Effect of time to resumption of chemotherapy after definitive surgery on prognosis for non-metastatic osteosarcoma

Hamayun Imran, Felicity T Enders, MarkKrailo, Franklin Sim, Scott Heitaka Okuno, Douglas Hawkins, Joseph Neglia, R. Lor Randall, Richard Womer, Leo Mascarenhas, Carola A.S. Arndt

Research output: Contribution to journalArticle

25 Scopus citations


Background: The dose intensity of chemotherapy has been described as affecting the outcome of the treatment of a number of different types of tumors. A delay in the resumption of chemotherapy after definitive surgery for the treatment of osteosarcoma can decrease the overall dose intensity. The goal of this study was to assess the prognostic significance of the time to resumption of chemotherapy after definitive surgery in patients with localized osteosarcoma in an extremity. Methods: The relationships of the time between definitive surgery and resumption of chemotherapy with death and adverse events in 703 patients with a localized resectable osteosarcoma in an extremity (556 treated in the Children's Oncology Group [COG] Study [INT 0133] and 147 treated at five tertiary care cancer centers) were assessed with use of Cox proportional hazards models. Results: The twenty-fifth, fiftieth, and seventy-fifth percentiles of time from definitive surgery to resumption of chemotherapy were twelve, sixteen, and twenty-one days, respectively. Overall survival was poorerfor patients who had had a delay of greater than twenty-one days before the resumption of chemotherapy compared with those who had had a shorterdelay (hazard ratio = 1.57 [95% confidence interval = 1.04 to 2.36]; p = 0.03). Of seventy-one COG-study patients with postoperative complications, 32% (twenty-three) had a delay of more than twenty-one days before resumption of chemotherapy, but 20% (eighty- nine) of 444 patients with no complications had a similar delay. Conclusions: In this retrospective analysis, increased time from the definitive surgery to the resumption of chemotherapy was found to be associated with an increased risk of death of patients with localized osteosarcoma in an extremity. Within the limitations of a retrospective study, the data indicate that it is best to resume chemotherapy within twenty-one days after definitive surgery. Surgeons, oncologists, patients, and those responsible for scheduling need to work together to ensure timely resumption of chemotherapy after surgery. Level of Evidence: Prognostic Level II. See Instructions to Authors for a complete description of levels of evidence.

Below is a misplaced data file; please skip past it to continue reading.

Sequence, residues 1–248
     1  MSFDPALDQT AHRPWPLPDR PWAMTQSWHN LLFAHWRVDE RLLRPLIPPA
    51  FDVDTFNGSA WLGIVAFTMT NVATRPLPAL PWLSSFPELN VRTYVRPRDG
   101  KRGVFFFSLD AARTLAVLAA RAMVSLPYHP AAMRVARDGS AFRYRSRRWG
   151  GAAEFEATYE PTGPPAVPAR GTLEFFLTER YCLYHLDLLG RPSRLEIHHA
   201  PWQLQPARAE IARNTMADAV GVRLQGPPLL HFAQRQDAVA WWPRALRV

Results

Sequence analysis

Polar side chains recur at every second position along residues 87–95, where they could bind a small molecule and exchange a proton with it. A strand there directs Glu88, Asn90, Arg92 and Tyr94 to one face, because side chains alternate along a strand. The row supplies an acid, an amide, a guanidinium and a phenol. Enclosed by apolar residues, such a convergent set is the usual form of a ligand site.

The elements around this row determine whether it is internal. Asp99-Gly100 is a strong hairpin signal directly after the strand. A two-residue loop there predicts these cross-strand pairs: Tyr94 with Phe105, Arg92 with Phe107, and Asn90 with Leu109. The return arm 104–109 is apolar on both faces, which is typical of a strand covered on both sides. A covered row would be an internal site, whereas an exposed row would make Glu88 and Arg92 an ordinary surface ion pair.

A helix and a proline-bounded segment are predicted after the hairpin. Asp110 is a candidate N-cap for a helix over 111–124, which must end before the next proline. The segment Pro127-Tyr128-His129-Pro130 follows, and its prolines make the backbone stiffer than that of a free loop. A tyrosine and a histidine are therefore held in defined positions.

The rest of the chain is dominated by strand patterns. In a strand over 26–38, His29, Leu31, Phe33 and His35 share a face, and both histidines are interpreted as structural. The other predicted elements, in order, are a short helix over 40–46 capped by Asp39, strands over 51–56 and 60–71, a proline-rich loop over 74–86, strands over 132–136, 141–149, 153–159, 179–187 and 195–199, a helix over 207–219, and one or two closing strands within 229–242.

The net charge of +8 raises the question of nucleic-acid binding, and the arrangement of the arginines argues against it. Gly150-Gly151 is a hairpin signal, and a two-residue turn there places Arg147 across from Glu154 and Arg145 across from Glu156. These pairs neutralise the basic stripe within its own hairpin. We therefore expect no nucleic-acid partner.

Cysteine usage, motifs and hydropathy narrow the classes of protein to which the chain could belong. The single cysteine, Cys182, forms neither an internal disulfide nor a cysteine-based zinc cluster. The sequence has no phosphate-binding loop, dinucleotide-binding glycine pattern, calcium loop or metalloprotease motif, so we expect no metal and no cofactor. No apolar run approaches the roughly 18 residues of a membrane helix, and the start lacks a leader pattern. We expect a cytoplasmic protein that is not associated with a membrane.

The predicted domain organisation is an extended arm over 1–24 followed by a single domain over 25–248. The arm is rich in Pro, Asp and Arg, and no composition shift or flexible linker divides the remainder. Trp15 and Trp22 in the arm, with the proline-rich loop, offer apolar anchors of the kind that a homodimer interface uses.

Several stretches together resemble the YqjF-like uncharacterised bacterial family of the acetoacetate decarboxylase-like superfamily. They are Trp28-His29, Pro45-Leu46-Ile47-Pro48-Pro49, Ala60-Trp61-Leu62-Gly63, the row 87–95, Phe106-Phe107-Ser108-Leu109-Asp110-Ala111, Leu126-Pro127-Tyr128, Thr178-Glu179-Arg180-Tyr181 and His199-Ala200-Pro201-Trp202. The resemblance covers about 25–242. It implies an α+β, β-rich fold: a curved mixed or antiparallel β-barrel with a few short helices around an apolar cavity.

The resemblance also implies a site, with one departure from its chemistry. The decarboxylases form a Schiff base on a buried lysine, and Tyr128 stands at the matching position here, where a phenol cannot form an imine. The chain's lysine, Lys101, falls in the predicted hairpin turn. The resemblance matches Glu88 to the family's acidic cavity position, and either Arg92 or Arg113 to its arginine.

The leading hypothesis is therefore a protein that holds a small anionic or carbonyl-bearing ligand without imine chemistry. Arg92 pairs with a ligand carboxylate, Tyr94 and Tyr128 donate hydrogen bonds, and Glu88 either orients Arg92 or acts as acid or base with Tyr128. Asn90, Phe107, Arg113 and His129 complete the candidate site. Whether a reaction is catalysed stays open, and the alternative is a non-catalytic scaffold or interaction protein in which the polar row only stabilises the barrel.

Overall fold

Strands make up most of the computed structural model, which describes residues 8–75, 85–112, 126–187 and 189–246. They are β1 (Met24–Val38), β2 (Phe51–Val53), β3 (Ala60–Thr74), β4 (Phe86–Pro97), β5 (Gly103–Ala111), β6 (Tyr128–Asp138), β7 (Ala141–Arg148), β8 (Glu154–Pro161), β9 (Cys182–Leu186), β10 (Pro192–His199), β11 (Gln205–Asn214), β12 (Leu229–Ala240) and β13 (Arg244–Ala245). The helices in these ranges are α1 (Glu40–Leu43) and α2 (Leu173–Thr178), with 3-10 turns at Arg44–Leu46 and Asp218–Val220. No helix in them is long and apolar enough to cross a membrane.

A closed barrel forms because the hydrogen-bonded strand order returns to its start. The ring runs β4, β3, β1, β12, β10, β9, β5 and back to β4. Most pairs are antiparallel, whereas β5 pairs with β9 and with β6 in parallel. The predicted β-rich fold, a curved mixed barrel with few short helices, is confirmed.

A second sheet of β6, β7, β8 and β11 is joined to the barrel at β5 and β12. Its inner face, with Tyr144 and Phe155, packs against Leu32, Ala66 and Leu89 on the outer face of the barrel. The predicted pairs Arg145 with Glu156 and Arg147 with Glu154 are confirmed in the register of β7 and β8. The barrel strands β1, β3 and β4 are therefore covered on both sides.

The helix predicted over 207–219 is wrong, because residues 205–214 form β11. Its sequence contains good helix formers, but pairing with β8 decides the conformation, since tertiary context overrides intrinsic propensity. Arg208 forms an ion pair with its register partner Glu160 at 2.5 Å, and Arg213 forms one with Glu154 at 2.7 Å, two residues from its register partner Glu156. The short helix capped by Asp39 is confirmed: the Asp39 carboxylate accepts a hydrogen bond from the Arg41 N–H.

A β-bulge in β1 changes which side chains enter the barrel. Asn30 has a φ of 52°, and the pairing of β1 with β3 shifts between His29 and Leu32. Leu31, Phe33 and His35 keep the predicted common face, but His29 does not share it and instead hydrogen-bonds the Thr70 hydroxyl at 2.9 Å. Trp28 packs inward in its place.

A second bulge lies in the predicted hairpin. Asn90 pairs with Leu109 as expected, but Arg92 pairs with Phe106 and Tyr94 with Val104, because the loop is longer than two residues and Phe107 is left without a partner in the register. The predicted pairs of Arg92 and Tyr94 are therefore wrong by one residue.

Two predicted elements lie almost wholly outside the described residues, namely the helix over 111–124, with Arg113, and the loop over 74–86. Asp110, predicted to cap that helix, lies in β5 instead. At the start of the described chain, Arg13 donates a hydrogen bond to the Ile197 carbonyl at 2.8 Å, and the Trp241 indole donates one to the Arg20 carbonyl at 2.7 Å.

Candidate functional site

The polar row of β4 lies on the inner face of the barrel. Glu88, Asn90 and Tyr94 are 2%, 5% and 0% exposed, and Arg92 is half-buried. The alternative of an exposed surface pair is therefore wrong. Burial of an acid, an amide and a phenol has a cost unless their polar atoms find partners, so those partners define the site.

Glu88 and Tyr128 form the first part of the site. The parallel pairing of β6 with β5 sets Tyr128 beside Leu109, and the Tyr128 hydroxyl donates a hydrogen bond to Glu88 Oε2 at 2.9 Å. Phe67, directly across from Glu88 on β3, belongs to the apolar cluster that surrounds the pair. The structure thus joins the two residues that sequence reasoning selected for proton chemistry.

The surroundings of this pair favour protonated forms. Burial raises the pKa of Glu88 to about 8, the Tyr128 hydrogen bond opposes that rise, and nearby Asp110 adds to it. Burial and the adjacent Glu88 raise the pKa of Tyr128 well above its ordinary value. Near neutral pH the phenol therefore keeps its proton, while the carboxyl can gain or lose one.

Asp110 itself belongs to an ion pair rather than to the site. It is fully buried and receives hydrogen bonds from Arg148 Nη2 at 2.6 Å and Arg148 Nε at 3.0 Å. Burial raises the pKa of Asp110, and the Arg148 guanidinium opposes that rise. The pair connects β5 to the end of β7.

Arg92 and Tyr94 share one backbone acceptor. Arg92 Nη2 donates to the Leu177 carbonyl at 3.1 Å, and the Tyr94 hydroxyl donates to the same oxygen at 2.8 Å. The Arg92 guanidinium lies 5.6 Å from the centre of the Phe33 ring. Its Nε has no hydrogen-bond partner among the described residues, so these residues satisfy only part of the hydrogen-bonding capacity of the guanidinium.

Original languageEnglish (US)
Pages (from-to)604-612
Number of pages9
JournalJournal of Bone and Joint Surgery - Series A
Issue number3
StatePublished - Mar 1 2009


ASJC Scopus subject areas

  • Surgery
  • Orthopedics and Sports Medicine

Cite this